If you have been doing Crossfit for a long time, I suspect you might have ADS and the only way I have found to cure, is lot’s of volume at AeT, regardless how slow it is. At some point one becomes faster compared to himself or herself at the same AeT. It may take 8-12 weeks before there is a change so you may want to increase the transition period. I don’t know how long the transition period in the 16 week program is, but I extended my transition from 8 to 12 weeks in the 24 week plan.

    Hope this helps

    todd.struble on #20622

    I just wanted to contribute to reassure you that you aren’t going too slow. It also took me three times to get a good AeT test because the first two times, I went too fast. I was in that range (maybe a bit faster at blazing ~12 minute miles!) when I started. You will see gains though and it won’t be that slow! I think it took me about 6 weeks to drop a minute or two off my mile time at the same HR. After a 4 month block of consistent aerobic base training, I tested at 10 beats faster, and dropped more than 3 minutes off my original aet mile pace. Edit: I also forgot to mention – while you will see gains, 6 months in I find my training is still slow for the easy days – my last 1 hour AeT workout was still at a 14:00 mile pace including going slowly uphill and a bit faster downhill.

    My thoughts on your other questions:

    1) I have the same question about testing AnT. I’ve gone my entire base period without testing and coming from the same background of doing a lot of higher intensity weekend-warrior exercise. Besides the AnT tests mentioned here, for what it’s worth, Training Peaks defines “Threshold” aka “AnT” as your heartrate for a 10k effort running. If you have any 10k races, you might be able to use your HR from that effort (assuming a consistent effort, i.e. not going really slow and then sprinting the last mile or vice versa)

    2) If it’s showing up on your Training Peaks workouts and looks like it’s recording correctly (no flat lines, tracking your heartrate up and down with your level of exertion) I think you’re all set. I have the same TICKR HR monitor and my Garmin watch records the data from it (and uploads it to TP).

    3) There’s another thread where Scott answers that question. For your convenience, here’s what he wrote:

    1) Each week has 3 main aerobic workouts called “Run/Hike”, “Aerobic Threshold Run/Hike” and “Hike on hilly terrain” – Should I be aiming for any difference in intensity between these workouts? Is it ok to push into Z2 in one of them?
    These are all meant to be in the basic aerobic metabolic realm, so Z1-2 range. The intensity can be in the Z1 range for he longer workouts and get up into Z2 on the shorter ones or on the uphills on hillier workouts. If you have a high basic aerobic capacity (AeT) then you will need to do most of this base training in Z1 (Z2 will be too hard for a high % of the base training). If your AeT is low then pushing into Z2 more will be helpful and speed the aerobic development.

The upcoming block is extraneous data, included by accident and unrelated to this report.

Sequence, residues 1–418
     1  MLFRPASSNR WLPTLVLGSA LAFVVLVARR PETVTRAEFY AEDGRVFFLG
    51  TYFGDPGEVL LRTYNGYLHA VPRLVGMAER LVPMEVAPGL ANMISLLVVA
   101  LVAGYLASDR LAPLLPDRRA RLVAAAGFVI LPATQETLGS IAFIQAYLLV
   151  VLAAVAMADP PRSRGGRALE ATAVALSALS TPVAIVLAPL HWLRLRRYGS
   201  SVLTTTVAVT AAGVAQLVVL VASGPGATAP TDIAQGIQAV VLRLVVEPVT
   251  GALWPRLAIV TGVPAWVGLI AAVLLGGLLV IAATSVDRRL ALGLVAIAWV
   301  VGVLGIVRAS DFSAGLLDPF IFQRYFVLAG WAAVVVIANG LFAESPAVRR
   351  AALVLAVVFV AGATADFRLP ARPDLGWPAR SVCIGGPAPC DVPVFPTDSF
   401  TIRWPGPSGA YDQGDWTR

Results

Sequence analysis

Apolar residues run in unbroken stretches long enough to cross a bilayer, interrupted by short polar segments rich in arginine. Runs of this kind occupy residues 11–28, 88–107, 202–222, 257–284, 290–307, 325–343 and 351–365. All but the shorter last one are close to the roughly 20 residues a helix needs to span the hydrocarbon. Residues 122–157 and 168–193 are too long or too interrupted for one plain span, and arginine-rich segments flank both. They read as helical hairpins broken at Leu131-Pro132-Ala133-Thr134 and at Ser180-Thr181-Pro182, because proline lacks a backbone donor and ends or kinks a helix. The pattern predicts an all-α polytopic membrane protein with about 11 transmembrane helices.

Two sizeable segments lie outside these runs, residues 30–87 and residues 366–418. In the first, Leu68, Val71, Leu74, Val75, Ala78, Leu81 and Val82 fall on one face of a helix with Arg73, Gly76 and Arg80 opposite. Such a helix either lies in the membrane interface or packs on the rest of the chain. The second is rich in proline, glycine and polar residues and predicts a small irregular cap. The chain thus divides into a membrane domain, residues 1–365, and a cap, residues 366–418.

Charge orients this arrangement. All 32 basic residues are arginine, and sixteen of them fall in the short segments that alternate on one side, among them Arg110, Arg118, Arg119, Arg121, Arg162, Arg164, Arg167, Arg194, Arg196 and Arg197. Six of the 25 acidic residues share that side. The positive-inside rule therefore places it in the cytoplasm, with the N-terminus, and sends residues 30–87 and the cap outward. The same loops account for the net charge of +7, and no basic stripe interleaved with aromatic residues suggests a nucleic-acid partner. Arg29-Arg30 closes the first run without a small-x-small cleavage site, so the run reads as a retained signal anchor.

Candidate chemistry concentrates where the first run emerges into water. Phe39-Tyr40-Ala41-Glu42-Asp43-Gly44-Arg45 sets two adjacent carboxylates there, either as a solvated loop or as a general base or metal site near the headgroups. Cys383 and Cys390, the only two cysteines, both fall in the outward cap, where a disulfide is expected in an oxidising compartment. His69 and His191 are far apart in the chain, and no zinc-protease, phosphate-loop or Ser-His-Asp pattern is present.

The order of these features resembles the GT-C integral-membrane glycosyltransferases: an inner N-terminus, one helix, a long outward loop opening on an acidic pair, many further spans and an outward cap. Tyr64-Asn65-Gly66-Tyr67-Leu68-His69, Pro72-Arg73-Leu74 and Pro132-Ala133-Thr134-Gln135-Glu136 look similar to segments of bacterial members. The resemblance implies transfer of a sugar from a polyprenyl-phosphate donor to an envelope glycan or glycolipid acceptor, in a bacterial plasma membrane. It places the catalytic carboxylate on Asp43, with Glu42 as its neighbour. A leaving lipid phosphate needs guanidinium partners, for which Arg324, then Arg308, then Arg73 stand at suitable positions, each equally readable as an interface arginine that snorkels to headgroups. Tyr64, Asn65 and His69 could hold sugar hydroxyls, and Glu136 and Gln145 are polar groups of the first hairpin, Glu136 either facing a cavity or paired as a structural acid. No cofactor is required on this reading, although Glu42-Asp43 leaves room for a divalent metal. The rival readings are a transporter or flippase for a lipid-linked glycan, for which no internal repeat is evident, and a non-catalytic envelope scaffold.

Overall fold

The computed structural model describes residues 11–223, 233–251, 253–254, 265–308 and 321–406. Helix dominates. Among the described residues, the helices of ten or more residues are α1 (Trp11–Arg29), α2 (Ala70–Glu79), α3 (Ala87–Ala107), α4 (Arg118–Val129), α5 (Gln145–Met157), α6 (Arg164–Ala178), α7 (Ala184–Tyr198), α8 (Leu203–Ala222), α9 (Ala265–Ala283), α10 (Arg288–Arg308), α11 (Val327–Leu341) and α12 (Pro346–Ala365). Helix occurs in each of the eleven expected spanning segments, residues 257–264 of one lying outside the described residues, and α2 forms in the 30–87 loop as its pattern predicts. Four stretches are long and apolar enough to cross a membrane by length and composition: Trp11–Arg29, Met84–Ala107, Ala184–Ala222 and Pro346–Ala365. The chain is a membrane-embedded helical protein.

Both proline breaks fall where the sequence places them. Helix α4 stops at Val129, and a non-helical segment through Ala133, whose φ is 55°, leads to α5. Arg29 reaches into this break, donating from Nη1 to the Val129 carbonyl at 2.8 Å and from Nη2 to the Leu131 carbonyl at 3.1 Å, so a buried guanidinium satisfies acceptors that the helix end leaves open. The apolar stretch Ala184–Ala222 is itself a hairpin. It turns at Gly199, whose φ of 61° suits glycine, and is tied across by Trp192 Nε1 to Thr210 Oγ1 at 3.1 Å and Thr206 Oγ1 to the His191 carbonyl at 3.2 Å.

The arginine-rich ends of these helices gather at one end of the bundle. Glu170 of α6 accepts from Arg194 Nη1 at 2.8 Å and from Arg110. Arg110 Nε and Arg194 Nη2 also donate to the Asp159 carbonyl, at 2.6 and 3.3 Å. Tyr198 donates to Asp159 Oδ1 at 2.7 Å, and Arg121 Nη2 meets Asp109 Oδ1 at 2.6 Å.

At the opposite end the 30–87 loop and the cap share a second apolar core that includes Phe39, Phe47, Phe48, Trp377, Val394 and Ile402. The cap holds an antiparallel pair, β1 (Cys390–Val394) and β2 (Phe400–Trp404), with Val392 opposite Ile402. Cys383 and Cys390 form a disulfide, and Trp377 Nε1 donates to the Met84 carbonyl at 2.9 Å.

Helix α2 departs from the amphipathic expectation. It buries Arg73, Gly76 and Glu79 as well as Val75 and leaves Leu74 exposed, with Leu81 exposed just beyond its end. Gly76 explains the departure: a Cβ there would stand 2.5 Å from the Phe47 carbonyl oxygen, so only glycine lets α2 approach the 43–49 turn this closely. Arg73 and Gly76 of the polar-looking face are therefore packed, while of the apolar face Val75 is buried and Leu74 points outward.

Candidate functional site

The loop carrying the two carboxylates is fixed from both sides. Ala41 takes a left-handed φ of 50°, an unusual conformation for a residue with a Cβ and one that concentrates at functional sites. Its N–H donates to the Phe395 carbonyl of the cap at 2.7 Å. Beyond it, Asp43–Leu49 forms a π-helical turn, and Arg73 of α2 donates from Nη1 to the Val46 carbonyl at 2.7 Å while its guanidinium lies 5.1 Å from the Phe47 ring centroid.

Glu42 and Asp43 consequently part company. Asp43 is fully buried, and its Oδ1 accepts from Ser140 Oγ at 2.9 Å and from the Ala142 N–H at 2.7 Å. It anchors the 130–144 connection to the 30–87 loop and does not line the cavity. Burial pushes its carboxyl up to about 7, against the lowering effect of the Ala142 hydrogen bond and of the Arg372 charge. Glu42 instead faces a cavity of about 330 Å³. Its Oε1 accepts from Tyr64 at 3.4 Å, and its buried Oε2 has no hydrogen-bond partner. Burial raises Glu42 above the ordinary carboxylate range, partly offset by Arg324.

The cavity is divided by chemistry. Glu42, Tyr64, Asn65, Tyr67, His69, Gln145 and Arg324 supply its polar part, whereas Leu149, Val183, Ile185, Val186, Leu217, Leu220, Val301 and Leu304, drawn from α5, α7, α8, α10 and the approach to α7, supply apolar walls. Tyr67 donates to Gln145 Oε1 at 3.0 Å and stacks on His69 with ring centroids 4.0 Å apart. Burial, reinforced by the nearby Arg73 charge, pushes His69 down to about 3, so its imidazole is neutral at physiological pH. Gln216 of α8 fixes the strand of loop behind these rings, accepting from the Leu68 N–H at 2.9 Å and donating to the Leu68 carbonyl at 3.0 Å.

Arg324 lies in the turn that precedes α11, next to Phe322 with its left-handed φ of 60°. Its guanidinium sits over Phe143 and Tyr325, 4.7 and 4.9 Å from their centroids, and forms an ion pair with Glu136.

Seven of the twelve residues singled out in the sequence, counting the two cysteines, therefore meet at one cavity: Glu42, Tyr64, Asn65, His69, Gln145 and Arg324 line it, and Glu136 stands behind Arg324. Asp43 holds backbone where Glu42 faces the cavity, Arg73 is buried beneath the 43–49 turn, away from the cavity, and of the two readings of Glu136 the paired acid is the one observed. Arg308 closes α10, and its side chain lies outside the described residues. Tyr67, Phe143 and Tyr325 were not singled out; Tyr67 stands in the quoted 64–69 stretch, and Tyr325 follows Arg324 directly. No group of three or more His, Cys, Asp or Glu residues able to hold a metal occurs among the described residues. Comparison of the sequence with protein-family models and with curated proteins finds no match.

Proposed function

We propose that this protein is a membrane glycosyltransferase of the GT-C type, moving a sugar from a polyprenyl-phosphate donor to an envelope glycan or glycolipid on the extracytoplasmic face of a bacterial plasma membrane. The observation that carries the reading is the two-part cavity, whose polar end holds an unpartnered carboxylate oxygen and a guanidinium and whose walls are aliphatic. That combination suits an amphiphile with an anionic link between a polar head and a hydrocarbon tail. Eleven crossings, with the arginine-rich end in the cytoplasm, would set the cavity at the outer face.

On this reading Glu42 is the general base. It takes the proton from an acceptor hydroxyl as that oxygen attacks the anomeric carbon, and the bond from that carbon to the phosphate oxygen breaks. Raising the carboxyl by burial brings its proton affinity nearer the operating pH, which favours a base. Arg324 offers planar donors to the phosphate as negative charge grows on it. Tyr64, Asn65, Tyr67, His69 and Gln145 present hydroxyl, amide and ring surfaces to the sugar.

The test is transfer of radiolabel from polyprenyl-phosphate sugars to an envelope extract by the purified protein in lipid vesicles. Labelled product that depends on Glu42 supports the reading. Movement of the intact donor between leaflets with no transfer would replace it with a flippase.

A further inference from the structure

Sofia Wahaj on #20656

    Thank you everyone for all that great info! It was extremely helpful and gives me confidence to keep at it. I quit my CrossFit gym this month and am dedicating all my workouts to TftNA, so I love all the feed back and help to do it right. Thanks!

    Rachel on #20670

    I found the AnT isn’t as hard to get right the first try as AeT.

    Just go all out for a half an hour after a long easy warmup (follow their instructions on the DIY page).

    If you are a runner, run. I’m not much of a runner these days so I went up my local ski hill (hiked in the snow in November, then skinned up in March). I highly recommend doing a Strava segment for your AnT test because that helped spur me to keep going even when it felt like torture during the first 10 minutes (it got better somehow).

    My AeT has increased by about 8-10 bpm in almost six months. This has felt very slow progress but recently my recovery has improved dramatically and I’ve been able to handle a lot more load. (It’s either the high fat diet, or the fact I’ve been diligently getting Vitamin D for two months, or both).

    Anonymous on #20671

    Sofia et al:

    Thanks so much for the helpful responses to Sophia’s initial posts. This exactly what Steve and hoped for when we set up the forums. It is rewarding to see the dissemination of knowledge. Clearly the other posters “get it” and have great comments……Rachel: Are you ready to quit your day job 🙂

    I really do not have much (if anything) of real value to add here because the main points are so well covered. But I can’t help myself so……..

    You can get good benefits running mainly on the flats outside your door. One of the professional climbers I coach, David Goettler decided he wanted to run a road marathon under 3 hours last fall so I trained him like a marathon runner and all summer he did ALL his aerobic training running on the flats. We were interested (maybe even a little worried) to see how this would transfer over to his normal mountain training after the marathon. We have 4 years of training data so we could compare to previous years. The exciting news is that his marathon training seems to have really boosted his aerobic work capacity to an entirely new level. He is fitter than he has ever been. That’s a good thing because he is headed to Everest to attempt an ascent without support or the use of supplemental oxygen.

    So, run on the flats mostly and try to vet some vertical in on the weekends in the foothills nearby.

    As Rachel says, don’t worry about HR dropping when you come back downhill. The downhills on foot provide a unique strength training effect.

    I love biking but you need to understand that biking of any kind will not transfer well to your goal of climbing mountains. Depending on your attachment to it and the seriousness of your focus on the climbing goals I would limit the mtn biking.

    What is a recording HR monitor? They’re expensive but a HR monitor/PGS watch will be a great tool for monitoring your training via TP. Be sure to use a chest strap to capture the HR data. NONE of the wrist based monitors work well enough for you purposes. I coach athletes sponsored by the big manufacturers like Garmin and Suunto who get the latest and greatest new watches. None of the wrist based HR functions are worth using even on these top end watches.

    Determining Anaerobic Threshold is a wise thing to do for the reasons previously stated. You can do this test https://uphillathlete.com/diy-anaerobic-test/. I recommend doing this test as sport specifically as possible. If you are a marathoner then this should be done on the flats. Mountaineers should do this hiking/running steeply uphill.

    I hope I have filled in any gaps.

    Thanks again to the UA crew for chiming on here.